Having researched the life experiences of Ghanaians with disabilities since 2013, DL Lundberg, a graduate student studying public health at Boston University, is deeply familiar with one of their greatest challenges: finding work.
Lundberg created MFC Tie-Dye Inc., a nonprofit corporation that partners with Matilda Flow Inclusion Foundation in the Greater Accra region of Ghana, to employ and train women with disabilities and parents of children with disabilities.
As an undergraduate student at Boston College, Lundberg first travelled to Ghana for a research project, where he learned about the experiences of people with disabilities and of parents of children with disabilities and the difficulties they experienced with finding jobs.
During that trip, Lundberg met Matilda Lartey, the seamstress and businesswoman behind Matilda Flow Inclusion Foundation.
Lundberg bonded with Lartey during his stay and bought tie-dye clothes from her.
“Whenever I was back in the United States, people would ask me, ‘What’s with these super colorful, amazing tie-dye pants?’” Lundberg said. “And I would tell the story of Matilda and how she’s this amazing seamstress.”
In 2016, Lundberg went back to Ghana and partnered with Lartey to create a small pilot project and provided additional funding so she could expand her workshop.
According to Lundberg, there are currently very few inclusive employment spaces for adults with disabilities in Ghana. In exchange for funding, Lartey agreed to employ people with disabilities, other parents with children with disabilities and women with disabilities.
“I think when we include people with disabilities in employment, it can have an enormous difference on how people with disabilities are included in society,” Lundberg said.
As a mother of a child with a disability, Lartey understands the difficulty of finding work.
“I decided to open this company because a lot of persons with disabilities are stuck in their homes and a lot of companies don’t employ persons with disabilities,” Lartey said.
As the manager, she makes sure to arrive to work before her employees to tell them what tasks need to be done for the day and make sure everything is running smoothly.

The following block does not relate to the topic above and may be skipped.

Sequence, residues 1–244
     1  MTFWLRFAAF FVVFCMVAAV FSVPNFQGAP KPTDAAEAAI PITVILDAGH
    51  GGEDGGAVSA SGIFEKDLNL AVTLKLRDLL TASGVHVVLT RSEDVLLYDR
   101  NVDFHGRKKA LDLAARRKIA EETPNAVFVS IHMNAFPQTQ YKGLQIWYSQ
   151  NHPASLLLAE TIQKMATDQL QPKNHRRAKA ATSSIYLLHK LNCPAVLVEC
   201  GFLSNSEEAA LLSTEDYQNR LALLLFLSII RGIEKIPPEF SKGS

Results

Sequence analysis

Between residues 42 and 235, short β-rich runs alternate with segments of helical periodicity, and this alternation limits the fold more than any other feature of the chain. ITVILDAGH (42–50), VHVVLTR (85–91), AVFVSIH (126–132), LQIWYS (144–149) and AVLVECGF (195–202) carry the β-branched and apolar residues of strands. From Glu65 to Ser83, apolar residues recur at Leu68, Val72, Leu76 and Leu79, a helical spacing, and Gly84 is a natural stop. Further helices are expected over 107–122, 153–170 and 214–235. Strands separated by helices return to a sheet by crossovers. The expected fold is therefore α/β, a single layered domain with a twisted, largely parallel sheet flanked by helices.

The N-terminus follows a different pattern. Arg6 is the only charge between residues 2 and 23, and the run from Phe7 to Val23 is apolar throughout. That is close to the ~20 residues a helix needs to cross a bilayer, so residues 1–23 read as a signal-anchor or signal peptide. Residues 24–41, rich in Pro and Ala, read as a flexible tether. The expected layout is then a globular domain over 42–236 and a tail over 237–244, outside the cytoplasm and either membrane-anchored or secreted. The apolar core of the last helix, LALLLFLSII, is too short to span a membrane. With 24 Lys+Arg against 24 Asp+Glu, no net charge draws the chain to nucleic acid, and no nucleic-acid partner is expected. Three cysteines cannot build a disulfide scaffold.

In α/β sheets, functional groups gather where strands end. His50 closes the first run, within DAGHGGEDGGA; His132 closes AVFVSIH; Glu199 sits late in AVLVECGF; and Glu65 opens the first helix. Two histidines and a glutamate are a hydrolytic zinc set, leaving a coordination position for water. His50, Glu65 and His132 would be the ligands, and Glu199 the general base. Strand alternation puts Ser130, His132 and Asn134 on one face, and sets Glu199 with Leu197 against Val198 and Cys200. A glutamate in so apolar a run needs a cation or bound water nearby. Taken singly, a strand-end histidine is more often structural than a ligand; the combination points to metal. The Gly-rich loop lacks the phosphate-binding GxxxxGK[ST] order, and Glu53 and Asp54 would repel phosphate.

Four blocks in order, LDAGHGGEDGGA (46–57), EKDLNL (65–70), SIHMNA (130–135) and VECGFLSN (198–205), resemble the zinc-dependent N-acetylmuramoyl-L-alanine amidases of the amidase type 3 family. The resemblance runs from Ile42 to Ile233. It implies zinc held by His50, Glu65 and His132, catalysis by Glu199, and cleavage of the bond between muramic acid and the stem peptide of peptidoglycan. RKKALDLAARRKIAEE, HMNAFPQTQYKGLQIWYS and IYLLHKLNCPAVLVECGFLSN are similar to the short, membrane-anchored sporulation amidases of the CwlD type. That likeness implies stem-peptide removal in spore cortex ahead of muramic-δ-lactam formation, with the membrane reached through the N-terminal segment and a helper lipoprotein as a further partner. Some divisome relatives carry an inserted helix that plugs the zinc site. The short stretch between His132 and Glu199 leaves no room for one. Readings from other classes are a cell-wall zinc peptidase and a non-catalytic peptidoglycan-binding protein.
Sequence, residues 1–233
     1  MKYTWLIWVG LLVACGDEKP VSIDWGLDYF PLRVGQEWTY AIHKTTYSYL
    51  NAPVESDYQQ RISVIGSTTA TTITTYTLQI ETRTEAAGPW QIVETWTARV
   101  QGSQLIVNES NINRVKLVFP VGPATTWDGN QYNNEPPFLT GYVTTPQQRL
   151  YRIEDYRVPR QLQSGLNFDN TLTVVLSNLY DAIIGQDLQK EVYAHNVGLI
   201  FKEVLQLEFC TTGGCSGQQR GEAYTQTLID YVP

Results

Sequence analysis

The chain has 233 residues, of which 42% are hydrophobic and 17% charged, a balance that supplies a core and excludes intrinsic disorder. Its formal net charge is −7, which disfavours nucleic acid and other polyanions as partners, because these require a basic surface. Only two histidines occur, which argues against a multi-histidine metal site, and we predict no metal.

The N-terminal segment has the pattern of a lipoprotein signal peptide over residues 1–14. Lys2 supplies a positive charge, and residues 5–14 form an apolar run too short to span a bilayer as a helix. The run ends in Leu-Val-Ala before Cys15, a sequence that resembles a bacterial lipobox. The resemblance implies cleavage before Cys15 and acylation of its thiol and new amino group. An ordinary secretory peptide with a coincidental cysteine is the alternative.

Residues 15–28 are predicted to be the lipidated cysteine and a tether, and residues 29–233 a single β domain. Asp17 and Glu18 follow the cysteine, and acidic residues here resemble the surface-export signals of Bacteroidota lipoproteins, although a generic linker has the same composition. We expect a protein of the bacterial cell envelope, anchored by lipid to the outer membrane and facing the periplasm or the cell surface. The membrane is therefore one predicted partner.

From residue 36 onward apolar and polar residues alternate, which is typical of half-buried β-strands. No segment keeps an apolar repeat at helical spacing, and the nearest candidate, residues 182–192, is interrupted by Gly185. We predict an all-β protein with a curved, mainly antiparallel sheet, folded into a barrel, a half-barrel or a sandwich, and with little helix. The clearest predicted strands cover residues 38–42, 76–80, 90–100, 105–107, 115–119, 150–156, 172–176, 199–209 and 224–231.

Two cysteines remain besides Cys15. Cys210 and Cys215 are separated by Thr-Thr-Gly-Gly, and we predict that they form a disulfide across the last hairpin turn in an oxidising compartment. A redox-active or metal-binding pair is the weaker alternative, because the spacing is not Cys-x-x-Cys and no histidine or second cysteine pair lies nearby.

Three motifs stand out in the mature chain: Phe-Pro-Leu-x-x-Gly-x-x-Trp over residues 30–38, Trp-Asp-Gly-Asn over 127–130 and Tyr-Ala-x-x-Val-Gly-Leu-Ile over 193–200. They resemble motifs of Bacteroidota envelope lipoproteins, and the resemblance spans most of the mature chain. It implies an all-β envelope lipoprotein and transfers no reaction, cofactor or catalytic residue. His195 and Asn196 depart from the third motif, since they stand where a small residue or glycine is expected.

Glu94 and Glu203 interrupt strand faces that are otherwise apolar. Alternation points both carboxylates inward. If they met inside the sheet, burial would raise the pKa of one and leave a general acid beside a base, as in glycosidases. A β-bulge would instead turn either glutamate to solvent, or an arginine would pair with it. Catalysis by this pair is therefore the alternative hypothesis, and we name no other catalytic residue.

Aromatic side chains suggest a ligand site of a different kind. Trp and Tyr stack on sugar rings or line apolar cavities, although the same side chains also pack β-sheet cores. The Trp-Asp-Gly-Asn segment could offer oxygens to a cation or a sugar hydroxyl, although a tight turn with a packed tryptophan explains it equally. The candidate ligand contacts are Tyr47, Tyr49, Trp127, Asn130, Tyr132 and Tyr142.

The project started with just a few workers, but the workshop now has about 10 employees involved. Many of the workers have goals of opening their own sewing shops in the future.
Some work full-time, so they can slowly save up enough money to open their own shop. Others participate in a program designed for mothers who have children with disabilities.
“They come to the workshop and they learn tie-dye cloth making,” Lundberg explained. “They spend six months at the workshop and earn a wage, in addition to a small grant at the end of the six months so they can open their own little cloth making business in the community to support themselves.”
So far, two women have successfully graduated from the program, and their tie-dye businesses are still running successfully. Although the workshop is small, Lartey hopes to one day be able to employ more people who wish to participate in their training program.
All the clothes made are environmentally sustainable and made from repurposed material. When they first started, they used imported organic cotton from Mali.
However, importing cotton created problems when the workshop went days without cotton because the delivery was delayed from the buses used. Ultimately, they came up with a better solution: using repurposed secondhand clothes.
Lundberg said that a lot of second-hand clothes are sent throughout Sub-Saharan Africa from the United States and other countries, and the donations can result in negative effects on economies.
“When you donate clothes or bring clothes into this environment, what it actually does is it puts the local businesses that are in the textile industry out of business, so it has a negative impact on the economy,” Lundberg said.
Robert Loftis, a professor in the Pardee School of Global Studies, said undercutting local businesses is an unfortunate yet common side effect of charitable giving.
“One of the unintended consequences of charity is that it can hurt those it purports to help. This is particularly true of donated clothing,” Loftis said. “It often ends up undercutting local manufacturers and retailers, putting people out of business without creating new value or new businesses.”
Lartey said she feels optimistic about the organization’s future.
“I hope this business partnership will make a lot of persons with disabilities and vulnerable people to smile,” Lartey said. “I know in the future, this company will explode all over the country and across the country because of the good job Matilda Flow Inclusion and MFC is doing.”